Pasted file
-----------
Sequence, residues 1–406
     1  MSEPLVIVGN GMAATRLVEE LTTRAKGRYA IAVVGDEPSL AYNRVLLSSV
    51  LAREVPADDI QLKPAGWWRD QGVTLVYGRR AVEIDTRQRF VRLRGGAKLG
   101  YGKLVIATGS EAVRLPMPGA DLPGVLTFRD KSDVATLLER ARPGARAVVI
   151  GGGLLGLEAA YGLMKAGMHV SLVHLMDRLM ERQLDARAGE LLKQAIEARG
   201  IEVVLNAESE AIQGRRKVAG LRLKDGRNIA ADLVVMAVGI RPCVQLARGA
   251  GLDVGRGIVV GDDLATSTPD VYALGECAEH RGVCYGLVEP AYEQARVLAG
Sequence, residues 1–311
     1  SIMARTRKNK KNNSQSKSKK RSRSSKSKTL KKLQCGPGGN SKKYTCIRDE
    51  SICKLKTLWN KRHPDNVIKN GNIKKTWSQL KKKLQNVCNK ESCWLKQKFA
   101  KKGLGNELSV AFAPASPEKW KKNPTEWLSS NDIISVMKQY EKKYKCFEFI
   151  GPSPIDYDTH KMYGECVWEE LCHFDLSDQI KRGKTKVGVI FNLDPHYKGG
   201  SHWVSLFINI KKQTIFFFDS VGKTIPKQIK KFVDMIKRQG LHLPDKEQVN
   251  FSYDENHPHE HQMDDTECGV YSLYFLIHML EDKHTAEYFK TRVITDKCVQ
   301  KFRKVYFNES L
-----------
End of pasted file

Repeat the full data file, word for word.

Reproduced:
Sequence, residues 1–406
     1  MSEPLVIVGN GMAATRLVEE LTTRAKGRYA IAVVGDEPSL AYNRVLLSSV
    51  LAREVPADDI QLKPAGWWRD QGVTLVYGRR AVEIDTRQRF VRLRGGAKLG
   101  YGKLVIATGS EAVRLPMPGA DLPGVLTFRD KSDVATLLER ARPGARAVVI
   151  GGGLLGLEAA YGLMKAGMHV SLVHLMDRLM ERQLDARAGE LLKQAIEARG
   201  IEVVLNAESE AIQGRRKVAG LRLKDGRNIA ADLVVMAVGI RPCVQLARGA
   251  GLDVGRGIVV GDDLATSTPD VYALGECAEH RGVCYGLVEP AYEQARVLAG
Sequence, residues 1–311
     1  SIMARTRKNK KNNSQSKSKK RSRSSKSKTL KKLQCGPGGN SKKYTCIRDE
    51  SICKLKTLWN KRHPDNVIKN GNIKKTWSQL KKKLQNVCNK ESCWLKQKFA
   101  KKGLGNELSV AFAPASPEKW KKNPTEWLSS NDIISVMKQY EKKYKCFEFI
   151  GPSPIDYDTH KMYGECVWEE LCHFDLSDQI KRGKTKVGVI FNLDPHYKGG
   201  SHWVSLFINI KKQTIFFFDS VGKTIPKQIK KFVDMIKRQG LHLPDKEQVN
   251  FSYDENHPHE HQMDDTECGV YSLYFLIHML EDKHTAEYFK TRVITDKCVQ
   301  KFRKVYFNES L